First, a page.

2. Get rid of leaves: Winter's frigid temperatures can cause leaves, dead grass, and plants to release chemicals that run off frozen ground during spring's snow melt and spring rains.These chemicals can end up in surface water, so removing leaves is important. Getting rid of leaves also improves the state of your grass.
  3. Mulch madness: Applying two to three inches of mulch can help to protect plant roots and grass from extreme temperatures in the winter months. You can even make your own mulch by running over leaves couple of times with your lawnmower.
  4. Wrap your plants: Burlap or frost protecting fabrics will protect many plant varieties like roses, butterfly bushes, hydrangeas and crape myrtles from being damaged by sub-freezing temperatures.
  5. Apply fertilizer: Make sure to fertilize your lawn before the first frost so your grass will survive the winter conditions. Choose a fertilizer with a formula designed to meet your lawn's needs. The numbers on a fertilizer bag show the percentage of nitrogen, phosphorus and potassium on a weight basis. If you aren't sure what kind of fertilizer your lawn needs, talk to a lawn care or landscape professional. It's also good to know that some states are actually banning types of fertilizer and times of the year when fertilizer can be applied to reduce runoff. Check with your local extension service to see the regulations for your area.

Contact Stacey Guzanick 262.490.3696,   RE/MAX Realty Center  Guzanick@gmail.com,  if you have questions about buying a house or selling one.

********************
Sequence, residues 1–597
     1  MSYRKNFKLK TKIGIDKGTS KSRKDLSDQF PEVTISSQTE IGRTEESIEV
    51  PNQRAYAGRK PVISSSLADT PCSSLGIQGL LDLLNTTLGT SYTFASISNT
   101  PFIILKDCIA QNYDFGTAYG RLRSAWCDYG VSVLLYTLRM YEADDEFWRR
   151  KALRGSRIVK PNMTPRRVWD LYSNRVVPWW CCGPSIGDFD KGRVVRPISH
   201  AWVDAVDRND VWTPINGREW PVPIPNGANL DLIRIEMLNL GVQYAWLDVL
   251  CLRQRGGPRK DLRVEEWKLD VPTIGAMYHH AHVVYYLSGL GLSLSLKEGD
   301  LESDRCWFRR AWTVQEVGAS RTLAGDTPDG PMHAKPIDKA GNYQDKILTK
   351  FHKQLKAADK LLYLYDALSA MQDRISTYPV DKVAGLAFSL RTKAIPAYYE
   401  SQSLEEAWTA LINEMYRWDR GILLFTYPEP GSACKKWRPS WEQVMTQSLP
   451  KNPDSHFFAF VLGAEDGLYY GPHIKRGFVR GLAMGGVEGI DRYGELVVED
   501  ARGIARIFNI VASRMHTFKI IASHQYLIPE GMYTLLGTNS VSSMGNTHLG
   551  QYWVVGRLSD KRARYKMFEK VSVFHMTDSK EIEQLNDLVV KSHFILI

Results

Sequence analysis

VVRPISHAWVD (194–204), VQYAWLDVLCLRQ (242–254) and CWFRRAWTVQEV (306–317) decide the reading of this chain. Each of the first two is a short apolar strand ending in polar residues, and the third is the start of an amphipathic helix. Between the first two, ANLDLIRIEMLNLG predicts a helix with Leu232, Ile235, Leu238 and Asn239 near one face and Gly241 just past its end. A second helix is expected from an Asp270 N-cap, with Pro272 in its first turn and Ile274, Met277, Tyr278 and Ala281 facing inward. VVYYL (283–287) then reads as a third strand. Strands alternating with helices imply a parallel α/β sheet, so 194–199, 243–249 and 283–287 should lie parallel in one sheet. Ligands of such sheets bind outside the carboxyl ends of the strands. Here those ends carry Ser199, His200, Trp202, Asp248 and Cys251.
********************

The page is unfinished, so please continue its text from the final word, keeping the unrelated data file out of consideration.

I can  guide you  toward your next home.

www.HomesWithStacey.com

See you at the closing!

Thursday, September 24, 2015

Tips for Planning Ahead for a Spring Bulb Garden

6 Tips for Planning Ahead for an Eye-Popping Spring Bulb Garden


Fall is the time to plant spring-blooming bulbs such as tulips, daffodils, crocus and alliums. Before ordering your bulbs, here are a few tips to guarantee great results come spring.
1. Pick a color theme.
longfield1Interior designers often work with a color palette – a selection of colors chosen to give a room or a home a particular look, mood or style. This technique is equally effective in gardens and landscapes.
“One option is to choose a single color scheme,” says Marlene Thompson, creative director at Longfield Gardens. “The effect is simple and always has a big impact.”
Thompson says that you can also build your design around a pair of colors such as pink and white, red and yellow or orange and purple. Another approach is to use the color wheel and choose a harmony of several related colors, such as pink, lavender, burgundy and purple or cream, yellow, orange and red.
2. Include different bloom times.
From early-blooming crocuses to late-blooming tulips and alliums, the spring bulb season can stretch for as long as 8-10 weeks. When choosing your bulbs, be sure to include a few from each bloom time: early, midseason and late season. This way you’ll have flowers in bloom for as long as possible.
groups3. Plant in groups.
Fall planted bulbs look best when the plantings are generous and the bulbs are spaced just a few inches apart.
Small bulbs such as scilla or chionodoxa should be planted in groups of at least 25 bulbs. Tulips look best in groups of at least a dozen bulbs. Daffodils and alliums can be planted in threes, though groups of seven or nine bulbs look even better.
repeat4. Repeat shapes and colors.
Landscapes are more pleasing and cohesive when the same plant or grouping of plants appears in multiple locations.
“Our eyes connect these similar shapes or colors into one scene rather than a collection of separate elements,” says Thompson.
In a formal setting, plant in squares, rectangles or circles. For a more natural or informal look, use ovals, triangles, kidney shapes or a free-form shape that fits the location.
5. Plant both annual and perennial bulbs.
Many spring bulbs, including daffodils, scilla, chionodoxa, alliums and muscari, can be considered perennials, as they will return and bloom again every spring. In fact, most of these hardy bulbs will naturalize and multiply over time.